Choosing to feel good is not a no-brainer


A few days ago, in the “smoke pit” awaiting entry to the homeless shelter where I stay, I sat facing a choice of whether to feel good or feel bad.  I allowed myself to stay in that state for some time so as to examine it.  As I’ve observed many times in the past, it proved to be, apparently, a completely arbitrary choice.

This really puzzled, and puzzles me.  Choosing to feel good creates light.  Choosing to feel bad creates darkness.  There is so much “darkness” in the world, and I want to understand how it comes about.  Can it really be as simple as a wholly arbitrary choice?Maybe we can apply some rationality to this, to assist in future decisions; is one choice or the other more likely to bring favorable results?

(Rationality isn’t rationalism.  Rationalism teaches us to forcibly ignore one’s emotions, under the pretense that this effects mastery over them.  One might as well ignore a houseful of small children: ignoring them only means they’ll run amok.  It puts them in charge, and one will rationalize whatever conduct one’s whims prescribe.

(Related:  Rationalism cannot save us.)

What are the practical results of choosing to feel good?
– I’ll feel better.
– I’ll have more energy.
– I’ll be more able to take things in stride.
– I’ll be more likely to think about what I want in life, that is, my goals.
– I’ll be more likely to treat others well.[1]
– I’ll probably make better decisions.

What are the practical results of choosing to feel bad?
– I’ll feel worse.
– I’ll have less energy.
– I’ll be less able to deal with irritating events and people.
– I’ll be more likely to think about situations I don’t want in life.[2]
– I’ll be more likely to be cross and short-tempered with others.
– I’ll probably make poorer decisions.

The final paragraph of Ambrose Worrall’s “Essay on Prayer” may indicate some of the extreme ramifications of choosing to feel good or feel bad.  Worrall says,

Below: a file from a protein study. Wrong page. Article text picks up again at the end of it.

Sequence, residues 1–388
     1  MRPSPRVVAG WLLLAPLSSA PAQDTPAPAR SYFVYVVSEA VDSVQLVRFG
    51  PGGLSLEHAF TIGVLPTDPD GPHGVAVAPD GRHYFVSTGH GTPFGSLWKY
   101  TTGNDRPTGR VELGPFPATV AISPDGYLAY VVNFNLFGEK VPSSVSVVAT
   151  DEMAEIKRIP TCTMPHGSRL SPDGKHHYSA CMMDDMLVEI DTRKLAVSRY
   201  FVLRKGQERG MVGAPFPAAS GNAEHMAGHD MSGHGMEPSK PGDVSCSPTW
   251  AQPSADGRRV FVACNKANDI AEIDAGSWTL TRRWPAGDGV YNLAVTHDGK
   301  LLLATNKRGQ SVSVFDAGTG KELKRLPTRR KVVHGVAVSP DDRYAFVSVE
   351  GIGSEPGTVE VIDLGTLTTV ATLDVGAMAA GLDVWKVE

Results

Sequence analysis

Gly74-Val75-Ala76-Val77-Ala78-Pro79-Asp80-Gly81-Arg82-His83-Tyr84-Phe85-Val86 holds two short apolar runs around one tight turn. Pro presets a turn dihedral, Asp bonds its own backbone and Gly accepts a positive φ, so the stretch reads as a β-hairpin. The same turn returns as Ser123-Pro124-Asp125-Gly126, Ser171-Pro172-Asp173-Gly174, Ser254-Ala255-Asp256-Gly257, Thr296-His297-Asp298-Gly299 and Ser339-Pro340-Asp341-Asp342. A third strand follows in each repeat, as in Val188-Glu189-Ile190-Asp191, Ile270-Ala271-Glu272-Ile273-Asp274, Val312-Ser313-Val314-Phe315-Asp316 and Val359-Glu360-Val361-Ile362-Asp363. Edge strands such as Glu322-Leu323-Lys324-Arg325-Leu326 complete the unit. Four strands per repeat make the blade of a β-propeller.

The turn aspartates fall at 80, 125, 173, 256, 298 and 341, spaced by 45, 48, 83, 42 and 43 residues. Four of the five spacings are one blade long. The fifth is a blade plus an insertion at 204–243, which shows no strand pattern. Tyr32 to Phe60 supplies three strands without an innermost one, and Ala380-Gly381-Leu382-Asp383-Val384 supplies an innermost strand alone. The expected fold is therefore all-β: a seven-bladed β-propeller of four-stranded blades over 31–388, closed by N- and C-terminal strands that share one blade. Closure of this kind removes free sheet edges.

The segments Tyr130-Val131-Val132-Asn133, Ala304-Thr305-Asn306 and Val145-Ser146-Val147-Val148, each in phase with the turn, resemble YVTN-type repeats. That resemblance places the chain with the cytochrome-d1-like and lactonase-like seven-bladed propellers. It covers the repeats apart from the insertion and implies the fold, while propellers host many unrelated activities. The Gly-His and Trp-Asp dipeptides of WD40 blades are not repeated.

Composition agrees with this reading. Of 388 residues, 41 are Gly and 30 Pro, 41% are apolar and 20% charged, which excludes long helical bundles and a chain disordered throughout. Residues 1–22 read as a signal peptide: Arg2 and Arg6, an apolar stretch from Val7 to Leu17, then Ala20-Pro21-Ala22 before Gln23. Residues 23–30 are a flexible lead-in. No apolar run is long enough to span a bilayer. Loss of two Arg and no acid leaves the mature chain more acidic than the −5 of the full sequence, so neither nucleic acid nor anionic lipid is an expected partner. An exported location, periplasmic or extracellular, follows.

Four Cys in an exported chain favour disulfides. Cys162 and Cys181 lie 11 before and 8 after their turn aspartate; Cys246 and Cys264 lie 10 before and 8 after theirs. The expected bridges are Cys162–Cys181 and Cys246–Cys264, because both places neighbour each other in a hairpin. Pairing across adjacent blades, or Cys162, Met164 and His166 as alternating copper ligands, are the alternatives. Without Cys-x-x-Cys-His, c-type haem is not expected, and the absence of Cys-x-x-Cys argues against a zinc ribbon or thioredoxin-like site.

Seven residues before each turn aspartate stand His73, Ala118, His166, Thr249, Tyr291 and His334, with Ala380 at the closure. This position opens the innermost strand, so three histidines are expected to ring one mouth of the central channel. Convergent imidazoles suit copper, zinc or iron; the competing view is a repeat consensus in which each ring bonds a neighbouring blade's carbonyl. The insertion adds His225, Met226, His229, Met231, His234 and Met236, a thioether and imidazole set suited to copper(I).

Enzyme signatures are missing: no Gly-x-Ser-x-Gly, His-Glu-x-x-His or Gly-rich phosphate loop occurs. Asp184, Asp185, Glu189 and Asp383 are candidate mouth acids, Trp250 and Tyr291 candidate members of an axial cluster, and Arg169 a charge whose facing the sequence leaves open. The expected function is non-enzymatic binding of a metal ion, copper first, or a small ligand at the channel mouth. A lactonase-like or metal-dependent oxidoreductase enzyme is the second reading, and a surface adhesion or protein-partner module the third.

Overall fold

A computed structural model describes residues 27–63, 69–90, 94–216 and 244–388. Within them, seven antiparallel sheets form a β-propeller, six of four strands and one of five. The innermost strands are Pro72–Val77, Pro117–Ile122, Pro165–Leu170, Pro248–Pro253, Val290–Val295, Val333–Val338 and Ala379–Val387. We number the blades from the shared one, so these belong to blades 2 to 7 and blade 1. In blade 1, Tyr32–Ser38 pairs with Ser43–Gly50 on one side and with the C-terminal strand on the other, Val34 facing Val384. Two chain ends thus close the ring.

If you would have “PEACE” let all your “prayers” (thoughts) be of the nature that will bring “the greatest good to the greatest number.” Rule out selfishness or it will separate you from the essential recognition of the truth that “ALL ARE ONE.” 

Choosing to feel good tends to bring about an expansion of one’s awareness, so that one becomes increasingly aware of one’s relatedness to all humanity, and ultimately temporarily lose all sense of self in an identification with the All.  Choosing to feel bad tends to contract one’s awareness, making one increasingly perceive oneself as a discrete entity separate and apart from others, and from the material world.  A person who somehow needs to affirm a sense of such separateness may choose this route; to feel, in the end, that he or she matters, like the person portrayed in Simon & Garfunkel’s “I  Am a Rock” or Three Days Grace’s “Pain.”  Paradoxically, self-loathing is a form of self-aggrandizement.

We observe so many people in the world who consistently choose to be unhappy and create unhappiness for others.  One would think choosing happiness were a no-brainer.  Turns out, it’s not.

We have a choice.

Related:  The Life Force: Use and abuse

[1] Related:  The healing powers of a drug store cashier
[2] Recall that “What you ‘see’ is what you’ll get.”  In what would seem to be the epitome of perversity, via negative thinking, people are prone to create situations they’re destined to dislike.

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